A new initiative is hoping to shape the future of criminal justice policy by putting lawmakers who guide discussion on the issue face-to-face with those most impacted by the outcome.
The Face to Face Initiative isn’t just pairing governors with prisoners, they also get to work with crime victims and correctional staff. The program wants top lawmakers to personally engage with those closest to the correctional system.
“We’ve got to turn prisons from these very dark places that we try to push out of our thought process and have them foremost in our thought process,” said Connecticut’s Governor, Dan Malloy. This argument is often heard from prison reform activists who cite lawmakers’ lack of firsthand knowledge of the correctional system as a reason for bad policy.
Malloy is one of eight governors who are kicking off the initiative and meeting inmates to gain a deeper understanding of the needs and challenges of incarcerated Americans.
Missouri’s Gov. Eric Greitens worked side-by-side with correctional officers, Roy Cooper of North Carolina visited a Christian transitional home in his state aimed at preparing ex-offenders for the outside world, Brian Sandoval of Nevada hosted a luncheon for ex-offenders and their families at the governor’s mansion, and Montana’s Steve Bullock visited a women’s recovery program. Governors from Utah, Georgia, New Mexico, Colorado, Ohio, and Hawaii are also involved in the program.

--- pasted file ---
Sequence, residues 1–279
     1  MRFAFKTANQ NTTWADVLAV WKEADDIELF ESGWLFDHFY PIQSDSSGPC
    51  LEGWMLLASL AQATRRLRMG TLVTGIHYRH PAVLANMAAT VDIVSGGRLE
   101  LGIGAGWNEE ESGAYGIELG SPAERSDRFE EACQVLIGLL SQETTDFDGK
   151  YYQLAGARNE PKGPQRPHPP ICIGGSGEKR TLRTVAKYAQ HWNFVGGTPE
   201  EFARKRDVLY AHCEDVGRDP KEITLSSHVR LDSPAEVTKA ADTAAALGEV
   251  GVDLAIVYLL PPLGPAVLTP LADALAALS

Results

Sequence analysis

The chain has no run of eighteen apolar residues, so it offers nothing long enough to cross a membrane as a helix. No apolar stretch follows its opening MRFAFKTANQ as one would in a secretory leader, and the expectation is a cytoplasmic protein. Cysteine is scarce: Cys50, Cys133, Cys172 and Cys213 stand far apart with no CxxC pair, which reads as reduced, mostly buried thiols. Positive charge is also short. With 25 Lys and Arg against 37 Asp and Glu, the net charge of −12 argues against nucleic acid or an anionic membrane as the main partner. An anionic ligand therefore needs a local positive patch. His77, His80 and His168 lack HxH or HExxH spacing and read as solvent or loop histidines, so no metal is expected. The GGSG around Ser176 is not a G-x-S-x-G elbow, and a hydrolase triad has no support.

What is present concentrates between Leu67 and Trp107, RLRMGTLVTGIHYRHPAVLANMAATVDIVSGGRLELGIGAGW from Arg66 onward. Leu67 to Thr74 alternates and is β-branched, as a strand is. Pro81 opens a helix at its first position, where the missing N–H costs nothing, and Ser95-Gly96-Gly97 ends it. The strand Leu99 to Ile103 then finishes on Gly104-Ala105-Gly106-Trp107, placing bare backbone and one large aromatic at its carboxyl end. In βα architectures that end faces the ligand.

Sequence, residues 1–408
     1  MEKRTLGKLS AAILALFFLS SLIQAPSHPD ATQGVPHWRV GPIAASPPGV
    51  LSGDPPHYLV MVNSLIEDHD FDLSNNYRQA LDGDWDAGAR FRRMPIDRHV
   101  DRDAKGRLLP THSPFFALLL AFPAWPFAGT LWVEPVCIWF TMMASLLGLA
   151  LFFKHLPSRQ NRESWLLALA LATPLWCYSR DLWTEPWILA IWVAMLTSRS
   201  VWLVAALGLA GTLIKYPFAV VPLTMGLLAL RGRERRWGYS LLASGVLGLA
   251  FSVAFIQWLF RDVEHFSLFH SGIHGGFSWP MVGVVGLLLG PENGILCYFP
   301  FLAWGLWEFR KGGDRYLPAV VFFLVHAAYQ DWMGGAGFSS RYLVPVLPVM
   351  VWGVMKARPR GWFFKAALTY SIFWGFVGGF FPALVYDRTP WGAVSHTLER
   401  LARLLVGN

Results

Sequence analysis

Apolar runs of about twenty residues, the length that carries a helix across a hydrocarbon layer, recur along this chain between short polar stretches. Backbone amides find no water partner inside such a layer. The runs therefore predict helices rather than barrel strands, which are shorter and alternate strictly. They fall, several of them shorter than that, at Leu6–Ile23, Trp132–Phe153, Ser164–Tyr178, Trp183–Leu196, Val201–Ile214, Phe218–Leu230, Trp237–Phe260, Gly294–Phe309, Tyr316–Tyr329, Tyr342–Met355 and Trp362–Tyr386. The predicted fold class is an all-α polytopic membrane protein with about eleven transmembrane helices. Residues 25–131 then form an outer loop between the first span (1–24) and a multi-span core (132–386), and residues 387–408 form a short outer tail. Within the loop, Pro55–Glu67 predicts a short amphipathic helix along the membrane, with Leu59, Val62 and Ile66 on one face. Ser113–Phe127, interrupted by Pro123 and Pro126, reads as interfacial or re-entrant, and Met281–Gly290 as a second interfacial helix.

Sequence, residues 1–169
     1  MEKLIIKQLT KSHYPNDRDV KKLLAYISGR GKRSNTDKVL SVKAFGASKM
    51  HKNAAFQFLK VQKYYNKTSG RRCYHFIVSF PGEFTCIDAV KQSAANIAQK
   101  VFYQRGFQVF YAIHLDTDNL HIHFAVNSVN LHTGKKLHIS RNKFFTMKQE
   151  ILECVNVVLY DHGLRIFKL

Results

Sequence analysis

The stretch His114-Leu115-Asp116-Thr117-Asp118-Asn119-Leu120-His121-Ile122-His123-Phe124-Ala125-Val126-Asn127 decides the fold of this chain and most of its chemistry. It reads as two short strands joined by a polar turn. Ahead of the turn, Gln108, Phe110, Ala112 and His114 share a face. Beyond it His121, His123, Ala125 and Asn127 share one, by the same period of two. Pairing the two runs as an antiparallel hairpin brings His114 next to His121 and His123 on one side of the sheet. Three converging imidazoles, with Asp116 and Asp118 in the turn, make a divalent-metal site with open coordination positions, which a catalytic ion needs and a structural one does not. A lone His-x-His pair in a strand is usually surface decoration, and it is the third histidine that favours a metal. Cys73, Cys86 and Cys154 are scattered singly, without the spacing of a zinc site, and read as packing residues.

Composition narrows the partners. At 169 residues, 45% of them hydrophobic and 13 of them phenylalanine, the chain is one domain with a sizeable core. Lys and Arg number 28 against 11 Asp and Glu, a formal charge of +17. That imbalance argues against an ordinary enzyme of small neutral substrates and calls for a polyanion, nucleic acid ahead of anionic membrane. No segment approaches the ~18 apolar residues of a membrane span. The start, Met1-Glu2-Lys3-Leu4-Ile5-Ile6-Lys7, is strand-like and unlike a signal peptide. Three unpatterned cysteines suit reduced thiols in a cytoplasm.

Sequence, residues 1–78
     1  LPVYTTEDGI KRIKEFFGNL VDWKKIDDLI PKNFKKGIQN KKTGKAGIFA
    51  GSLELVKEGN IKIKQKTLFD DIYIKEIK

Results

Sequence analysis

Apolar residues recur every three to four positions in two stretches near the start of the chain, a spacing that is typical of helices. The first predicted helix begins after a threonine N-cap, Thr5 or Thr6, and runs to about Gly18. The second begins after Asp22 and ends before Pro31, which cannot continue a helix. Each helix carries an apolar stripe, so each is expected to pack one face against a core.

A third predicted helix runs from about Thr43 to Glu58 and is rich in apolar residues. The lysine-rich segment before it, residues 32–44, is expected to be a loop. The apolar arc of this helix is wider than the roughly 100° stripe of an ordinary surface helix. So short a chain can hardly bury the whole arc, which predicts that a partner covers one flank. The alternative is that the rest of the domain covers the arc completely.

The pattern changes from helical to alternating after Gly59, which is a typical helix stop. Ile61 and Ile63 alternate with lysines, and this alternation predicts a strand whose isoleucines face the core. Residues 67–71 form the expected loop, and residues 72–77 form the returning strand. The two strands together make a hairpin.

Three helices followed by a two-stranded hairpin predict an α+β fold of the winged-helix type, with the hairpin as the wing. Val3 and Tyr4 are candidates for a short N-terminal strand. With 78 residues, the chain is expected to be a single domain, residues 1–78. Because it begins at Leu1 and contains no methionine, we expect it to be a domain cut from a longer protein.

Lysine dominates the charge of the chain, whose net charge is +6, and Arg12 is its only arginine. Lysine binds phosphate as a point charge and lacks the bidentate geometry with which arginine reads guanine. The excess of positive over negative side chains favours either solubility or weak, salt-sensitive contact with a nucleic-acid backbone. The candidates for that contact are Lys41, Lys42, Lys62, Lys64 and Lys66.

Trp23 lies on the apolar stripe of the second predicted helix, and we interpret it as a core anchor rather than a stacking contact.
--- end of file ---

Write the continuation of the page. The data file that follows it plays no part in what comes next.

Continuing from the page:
The program’s sponsor, The Council on State Governments Justice Center, lays out a number of ways officials can interact and gain a better understanding of the issues those within the correctional system face: they can meet with correctional officer or with a family of someone incarcerated and they can also work with victims’ advocates or visit a mentally ill incarcerated inmate. But, of course, each governor can do what they deem is the best way to interface with the correctional system in their state.
The CSJ Justice Center along with the National Reentry Resource Center sponsor the program with a host other criminal justice resource groups. They hope to bring other elected officials into the fold as the program develops, but they chose to start with governors because they “set the tone and tempo for the work that happens in their states.”